Airbus and Bombardier

I am some confusion and I can’t find any Clarity on the internet. Obviously Airbus bought Bombardier and developed the a220 from the previous c-series. My question is, is the C Series the same thing as the crj series? And everyone says that the a220 has no direct competitor but it seems to me like it’s the same exact playing as the 737 pretty much. Nothing obviously a little smaller but it’s a single-aisle regional aircraft. Same as the 737. Please explain to me what the actual C Series is and why the a220 does it have competition

C-Series (A220) is different from the CRJ variants. There’s not a whole lot of competition because there is no other new aircraft like that on the market or in the skies. Closest competitor would be the ERJ-175LRs or the 737 because of the range on the C-Series (A220).

1 Like

@Tyler_Barley I don’t think this belongs in the #real-world-aviation:spotting category as there are no pics you can change it to #real-world-aviation but not spotting

Airbus didn’t buy Bombardier, they’re still separate companies.

Initially Bombardier created the CSeries but they didn’t receive enough orders. What happened after is that Airbus took a majority stake in the CSeries project and they became the main owners of the project. Hence they renamed the CSeries into the A220 as it’s part of the Airbus fleet.

as I was writing my post that’s what I thought but for some reason I decided I thought I knew wrong so I said they bought the entire company but yeah that sounds right sorry. But the crj series is separate from the C series?

Yep, two different aircraft families.

1 Like

In a way, the A220-300 is competing against the 737 MAX 7.

Similar ranges and seating capacity.

However, there’s no true modern competition against the Airbus A220-100. (Aside from the E-195 E2 in terms of shorter routes, thanks GlobalFlyer1)

The A220-100 has a seating capacity of around 100 seats. Yet, it has the potential to fly routes such as New York to London, Boston to Amsterdam, Philadelphia to Lisbon, Tokyo to Darwin, Sydney to Jakarta, and more.

At the moment, nothing can actually compete against this small aircraft with a powerful range, which is why some people say there’s no direct competitor.

5 Likes

Really is sad that Airbus bought it from Bombardier as It would be good to have more than 2 main companies at top level.

Only the lack of orders they recieved was big downfall as they haven’t done a proper twin engine aircraft before like the Cseries?

thank you, but in reality Airline usually don’t blind small planes International or transatlantic. As far as I know the only airline that does this is British Airways which files a A318 from London to New York. So even if it doesn’t have competition, no one wants to fly whip it on those routes anyway right?

Its becoming quite popular, some Canadian airlines flight the max across the ocean, TAP and Aer Lingus is doing it with their A321XLR, and JetBlue was planning on it as well. Smaller aircraft are becoming popular for long thin routes as they offer increased route flexibility that large aircraft can not, hence why many 747s and A380s are being retired, they aren’t able to compete like small aircraft.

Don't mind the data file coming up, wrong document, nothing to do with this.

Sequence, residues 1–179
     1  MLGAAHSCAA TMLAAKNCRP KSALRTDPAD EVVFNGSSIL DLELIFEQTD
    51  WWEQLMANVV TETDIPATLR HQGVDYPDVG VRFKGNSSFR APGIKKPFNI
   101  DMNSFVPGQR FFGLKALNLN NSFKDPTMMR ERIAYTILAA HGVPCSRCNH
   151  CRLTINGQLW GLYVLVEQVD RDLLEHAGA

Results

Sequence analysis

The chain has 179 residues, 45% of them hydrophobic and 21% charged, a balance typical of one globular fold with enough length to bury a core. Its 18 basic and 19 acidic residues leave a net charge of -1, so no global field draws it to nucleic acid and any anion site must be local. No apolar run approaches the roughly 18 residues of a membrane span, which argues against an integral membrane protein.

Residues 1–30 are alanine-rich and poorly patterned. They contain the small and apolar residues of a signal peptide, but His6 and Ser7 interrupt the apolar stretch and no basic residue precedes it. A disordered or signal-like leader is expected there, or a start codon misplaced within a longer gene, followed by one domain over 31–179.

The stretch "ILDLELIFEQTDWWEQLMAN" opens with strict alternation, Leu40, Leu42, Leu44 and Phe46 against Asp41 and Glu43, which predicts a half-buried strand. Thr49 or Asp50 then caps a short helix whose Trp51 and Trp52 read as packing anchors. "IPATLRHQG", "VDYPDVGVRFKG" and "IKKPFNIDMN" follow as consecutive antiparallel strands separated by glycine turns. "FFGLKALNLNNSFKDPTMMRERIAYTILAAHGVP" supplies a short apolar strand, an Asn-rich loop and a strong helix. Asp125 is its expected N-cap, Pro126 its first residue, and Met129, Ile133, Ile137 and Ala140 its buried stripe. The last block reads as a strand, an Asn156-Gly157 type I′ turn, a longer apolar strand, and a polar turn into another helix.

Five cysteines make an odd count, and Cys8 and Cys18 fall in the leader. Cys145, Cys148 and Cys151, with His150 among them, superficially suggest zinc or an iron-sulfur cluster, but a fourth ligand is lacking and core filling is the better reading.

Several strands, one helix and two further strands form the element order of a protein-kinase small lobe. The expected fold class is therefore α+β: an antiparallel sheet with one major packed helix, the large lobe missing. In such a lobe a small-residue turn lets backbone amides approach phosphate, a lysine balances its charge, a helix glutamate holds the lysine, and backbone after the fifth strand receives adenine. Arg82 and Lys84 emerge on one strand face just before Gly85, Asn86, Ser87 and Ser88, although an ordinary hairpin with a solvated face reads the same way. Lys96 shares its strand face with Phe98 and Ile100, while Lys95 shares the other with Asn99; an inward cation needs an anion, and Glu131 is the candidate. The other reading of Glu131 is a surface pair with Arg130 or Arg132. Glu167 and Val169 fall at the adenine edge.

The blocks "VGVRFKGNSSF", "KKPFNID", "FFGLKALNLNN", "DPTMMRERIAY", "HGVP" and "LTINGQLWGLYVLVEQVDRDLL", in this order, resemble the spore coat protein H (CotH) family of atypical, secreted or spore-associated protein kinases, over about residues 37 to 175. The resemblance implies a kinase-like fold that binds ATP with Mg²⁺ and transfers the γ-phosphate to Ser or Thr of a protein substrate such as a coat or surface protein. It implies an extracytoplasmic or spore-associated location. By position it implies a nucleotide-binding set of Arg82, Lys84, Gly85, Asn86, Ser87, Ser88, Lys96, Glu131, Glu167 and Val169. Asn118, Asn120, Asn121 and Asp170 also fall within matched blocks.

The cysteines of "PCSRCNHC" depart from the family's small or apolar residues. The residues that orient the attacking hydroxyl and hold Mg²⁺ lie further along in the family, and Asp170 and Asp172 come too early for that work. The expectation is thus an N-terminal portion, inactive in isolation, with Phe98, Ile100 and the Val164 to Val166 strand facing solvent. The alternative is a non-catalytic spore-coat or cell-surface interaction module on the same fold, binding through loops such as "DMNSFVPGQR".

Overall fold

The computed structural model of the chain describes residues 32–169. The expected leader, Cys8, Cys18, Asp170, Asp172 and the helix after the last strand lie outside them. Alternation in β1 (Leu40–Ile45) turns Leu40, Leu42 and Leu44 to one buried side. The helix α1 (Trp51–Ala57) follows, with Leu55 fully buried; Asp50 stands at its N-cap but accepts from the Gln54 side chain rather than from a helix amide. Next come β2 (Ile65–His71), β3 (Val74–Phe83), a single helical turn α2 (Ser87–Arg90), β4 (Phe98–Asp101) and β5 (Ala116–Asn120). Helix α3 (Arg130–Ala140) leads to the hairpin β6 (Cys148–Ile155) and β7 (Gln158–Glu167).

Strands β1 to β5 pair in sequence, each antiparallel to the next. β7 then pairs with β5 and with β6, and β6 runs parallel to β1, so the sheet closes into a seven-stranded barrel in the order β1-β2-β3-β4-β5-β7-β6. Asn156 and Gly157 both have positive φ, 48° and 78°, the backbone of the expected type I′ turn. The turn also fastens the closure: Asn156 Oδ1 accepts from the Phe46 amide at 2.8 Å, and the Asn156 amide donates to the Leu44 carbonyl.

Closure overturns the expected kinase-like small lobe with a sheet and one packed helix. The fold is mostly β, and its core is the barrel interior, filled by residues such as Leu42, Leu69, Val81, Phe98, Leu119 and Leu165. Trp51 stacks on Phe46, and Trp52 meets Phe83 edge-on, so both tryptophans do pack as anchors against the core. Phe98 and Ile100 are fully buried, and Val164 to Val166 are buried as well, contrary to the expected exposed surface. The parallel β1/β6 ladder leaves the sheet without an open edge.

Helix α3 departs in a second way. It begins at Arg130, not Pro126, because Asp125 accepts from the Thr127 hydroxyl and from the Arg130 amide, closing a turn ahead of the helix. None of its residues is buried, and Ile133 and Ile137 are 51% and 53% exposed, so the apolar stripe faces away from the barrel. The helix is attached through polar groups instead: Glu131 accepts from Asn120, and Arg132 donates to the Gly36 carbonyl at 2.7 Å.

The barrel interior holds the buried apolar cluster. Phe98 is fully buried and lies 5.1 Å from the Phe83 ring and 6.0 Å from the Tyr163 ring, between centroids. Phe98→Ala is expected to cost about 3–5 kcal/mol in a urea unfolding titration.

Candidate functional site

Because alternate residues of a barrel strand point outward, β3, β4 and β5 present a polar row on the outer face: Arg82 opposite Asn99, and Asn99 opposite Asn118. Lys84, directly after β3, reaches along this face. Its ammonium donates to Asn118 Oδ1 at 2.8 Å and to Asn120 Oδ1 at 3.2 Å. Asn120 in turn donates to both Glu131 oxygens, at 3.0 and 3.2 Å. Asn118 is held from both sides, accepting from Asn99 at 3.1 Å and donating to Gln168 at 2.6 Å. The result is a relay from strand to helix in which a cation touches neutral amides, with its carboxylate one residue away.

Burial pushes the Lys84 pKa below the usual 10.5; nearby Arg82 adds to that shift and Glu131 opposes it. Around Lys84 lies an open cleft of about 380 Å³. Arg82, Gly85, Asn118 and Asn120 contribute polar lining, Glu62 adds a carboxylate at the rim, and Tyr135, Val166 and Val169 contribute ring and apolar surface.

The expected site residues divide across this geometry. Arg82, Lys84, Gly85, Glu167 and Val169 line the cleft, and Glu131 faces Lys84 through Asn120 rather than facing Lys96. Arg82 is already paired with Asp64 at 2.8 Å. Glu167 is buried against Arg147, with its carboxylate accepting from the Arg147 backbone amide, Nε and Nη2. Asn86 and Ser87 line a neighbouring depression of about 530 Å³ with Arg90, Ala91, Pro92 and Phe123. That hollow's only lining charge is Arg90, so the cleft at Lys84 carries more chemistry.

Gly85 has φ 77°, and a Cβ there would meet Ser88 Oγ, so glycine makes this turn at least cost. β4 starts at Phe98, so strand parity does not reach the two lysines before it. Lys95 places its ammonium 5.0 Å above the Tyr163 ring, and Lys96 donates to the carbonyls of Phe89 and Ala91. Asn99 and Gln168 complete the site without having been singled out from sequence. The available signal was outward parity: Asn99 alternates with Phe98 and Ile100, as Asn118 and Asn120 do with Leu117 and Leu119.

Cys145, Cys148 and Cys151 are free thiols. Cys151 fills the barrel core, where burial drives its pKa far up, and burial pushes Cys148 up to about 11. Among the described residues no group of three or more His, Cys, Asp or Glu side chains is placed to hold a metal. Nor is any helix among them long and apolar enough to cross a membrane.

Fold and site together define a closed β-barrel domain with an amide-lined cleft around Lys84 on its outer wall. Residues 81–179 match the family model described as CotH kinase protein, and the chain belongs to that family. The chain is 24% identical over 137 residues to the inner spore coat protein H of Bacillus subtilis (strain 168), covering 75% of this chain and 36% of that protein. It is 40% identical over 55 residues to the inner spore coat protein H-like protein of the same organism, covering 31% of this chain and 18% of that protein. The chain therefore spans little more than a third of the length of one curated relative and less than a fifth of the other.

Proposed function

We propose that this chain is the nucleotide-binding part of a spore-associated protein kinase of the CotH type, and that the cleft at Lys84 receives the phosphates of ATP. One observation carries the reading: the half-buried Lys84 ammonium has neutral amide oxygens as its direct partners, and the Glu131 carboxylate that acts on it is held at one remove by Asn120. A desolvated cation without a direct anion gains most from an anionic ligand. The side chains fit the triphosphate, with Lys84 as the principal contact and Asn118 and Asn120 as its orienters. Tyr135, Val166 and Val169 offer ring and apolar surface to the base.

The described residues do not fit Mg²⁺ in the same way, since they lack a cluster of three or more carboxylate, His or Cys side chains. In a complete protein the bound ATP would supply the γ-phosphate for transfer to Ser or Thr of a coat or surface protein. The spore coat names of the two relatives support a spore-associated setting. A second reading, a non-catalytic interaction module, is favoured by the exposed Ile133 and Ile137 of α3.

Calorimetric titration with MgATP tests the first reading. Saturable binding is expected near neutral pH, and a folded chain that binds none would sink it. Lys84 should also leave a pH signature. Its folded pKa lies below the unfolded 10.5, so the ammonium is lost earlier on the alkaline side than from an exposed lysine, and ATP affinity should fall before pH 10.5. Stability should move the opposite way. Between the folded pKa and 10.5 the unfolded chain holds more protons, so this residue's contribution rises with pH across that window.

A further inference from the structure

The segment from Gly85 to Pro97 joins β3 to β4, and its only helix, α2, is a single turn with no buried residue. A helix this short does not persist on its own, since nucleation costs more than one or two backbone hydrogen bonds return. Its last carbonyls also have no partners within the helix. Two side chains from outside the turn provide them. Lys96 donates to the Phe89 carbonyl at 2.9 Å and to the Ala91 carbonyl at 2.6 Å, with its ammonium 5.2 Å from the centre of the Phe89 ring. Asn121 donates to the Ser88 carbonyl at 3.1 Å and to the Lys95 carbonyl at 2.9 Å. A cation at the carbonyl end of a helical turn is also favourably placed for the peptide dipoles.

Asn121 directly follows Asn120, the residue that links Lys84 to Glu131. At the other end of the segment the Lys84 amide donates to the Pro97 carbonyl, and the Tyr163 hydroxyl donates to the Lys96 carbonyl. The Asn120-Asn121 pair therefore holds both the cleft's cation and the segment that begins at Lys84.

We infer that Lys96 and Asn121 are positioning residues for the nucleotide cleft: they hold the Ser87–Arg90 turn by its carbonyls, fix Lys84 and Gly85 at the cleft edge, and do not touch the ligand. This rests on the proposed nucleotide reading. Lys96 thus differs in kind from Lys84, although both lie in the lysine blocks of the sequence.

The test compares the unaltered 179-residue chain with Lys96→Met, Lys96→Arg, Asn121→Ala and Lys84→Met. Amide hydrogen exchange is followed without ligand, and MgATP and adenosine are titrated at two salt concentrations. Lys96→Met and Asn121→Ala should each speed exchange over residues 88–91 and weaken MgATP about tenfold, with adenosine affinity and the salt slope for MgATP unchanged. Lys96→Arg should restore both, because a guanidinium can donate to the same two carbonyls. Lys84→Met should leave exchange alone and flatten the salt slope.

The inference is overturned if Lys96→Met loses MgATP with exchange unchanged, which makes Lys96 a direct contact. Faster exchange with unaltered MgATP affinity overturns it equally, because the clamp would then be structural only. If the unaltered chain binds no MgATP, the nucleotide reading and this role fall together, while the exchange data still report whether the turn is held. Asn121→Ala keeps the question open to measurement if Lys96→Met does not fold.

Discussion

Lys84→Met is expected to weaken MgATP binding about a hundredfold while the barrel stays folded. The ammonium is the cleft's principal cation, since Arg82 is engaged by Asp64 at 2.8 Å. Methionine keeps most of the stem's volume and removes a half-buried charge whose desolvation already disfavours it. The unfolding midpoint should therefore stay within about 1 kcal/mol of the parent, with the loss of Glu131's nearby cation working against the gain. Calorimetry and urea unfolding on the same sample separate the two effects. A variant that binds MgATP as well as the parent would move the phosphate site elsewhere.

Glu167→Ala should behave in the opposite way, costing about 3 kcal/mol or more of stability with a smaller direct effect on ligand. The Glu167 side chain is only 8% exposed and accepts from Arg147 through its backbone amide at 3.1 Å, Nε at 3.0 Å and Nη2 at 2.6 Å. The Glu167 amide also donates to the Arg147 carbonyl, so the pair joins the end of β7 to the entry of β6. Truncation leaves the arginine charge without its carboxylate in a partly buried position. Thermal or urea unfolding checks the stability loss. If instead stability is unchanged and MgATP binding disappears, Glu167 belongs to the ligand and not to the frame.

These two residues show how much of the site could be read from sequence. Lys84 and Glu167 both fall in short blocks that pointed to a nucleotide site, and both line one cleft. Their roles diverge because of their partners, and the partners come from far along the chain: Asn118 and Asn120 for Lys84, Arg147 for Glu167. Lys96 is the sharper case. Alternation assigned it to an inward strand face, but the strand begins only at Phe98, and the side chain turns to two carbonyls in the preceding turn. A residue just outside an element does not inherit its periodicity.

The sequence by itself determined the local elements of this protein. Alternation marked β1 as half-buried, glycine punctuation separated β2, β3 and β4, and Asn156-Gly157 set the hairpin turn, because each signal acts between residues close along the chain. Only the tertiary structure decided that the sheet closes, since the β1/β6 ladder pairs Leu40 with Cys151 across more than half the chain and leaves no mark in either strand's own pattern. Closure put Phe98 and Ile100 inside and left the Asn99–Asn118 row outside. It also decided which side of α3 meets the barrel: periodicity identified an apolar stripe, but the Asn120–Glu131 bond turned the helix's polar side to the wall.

what do you mean route flexibility? Do you mean they can fly into smaller airports?

Flying to different range airports not like the A380/B747 can. It has more flexible options

They can fly into smaller markets yes, but they also offer the airline more flexibility on when the route is flown, for example, if it would take 2 days worth of passengers to fill a large wide body aircraft, why do that when customers will fly with a different airline and connect? You can split capacity among multiple days while varying departure times to suite peaks.

This video can provide a more comprehensive explanation:

2 Likes

The problem was that Bombardier simply didn’t have the resources to sell the CSeries like Airbus can.

But remember, this all started when Boeing went after Bombardier because of the Delta orders. Airbus found an opportunity and pounced on it. So far so good with the rebranded A220.

There’s actually quite a lot. Before this crisis, the market was flourishing with secondary markets operated by small narrowbody aircraft.

For example, nearly all of Norwegian Air’s east coast to Europe flights were on the 737-800 or 737 MAX.

Air Transat began using its A321neoLRs from Canada to Europe.

WestJet uses its 737-700s and 737 MAXs (before groundings) on transatlantic flights.

Aer Lingus recently began using its A321LRs between Ireland and the U.S.

When WOW Air was still running, it used regular A320s between Reykjavik and Pittsburgh sometimes.

There were lot more before the crisis.

As the market continues to collapse, the future will be with smaller aircraft with long-range, which is why I believe the A220 will be a revolutionary player.

1 Like

Bombardier will get 20% of sales right?

1 Like

Not anymore. Bombardier no longer has anything to do with the A220.

1 Like

Totally missed that. Is that 20% with their purchase of Bombardier?

Apparently they had a 34% stake before it was redistributed between Airbus and the government of Quebec.

1 Like

Little offtopic, just not confuse some people with Bombardier and Airbus. But Bombardier is no longer in Commercial Aviation. That is why Quebec owns part of the CSeries with Airbus.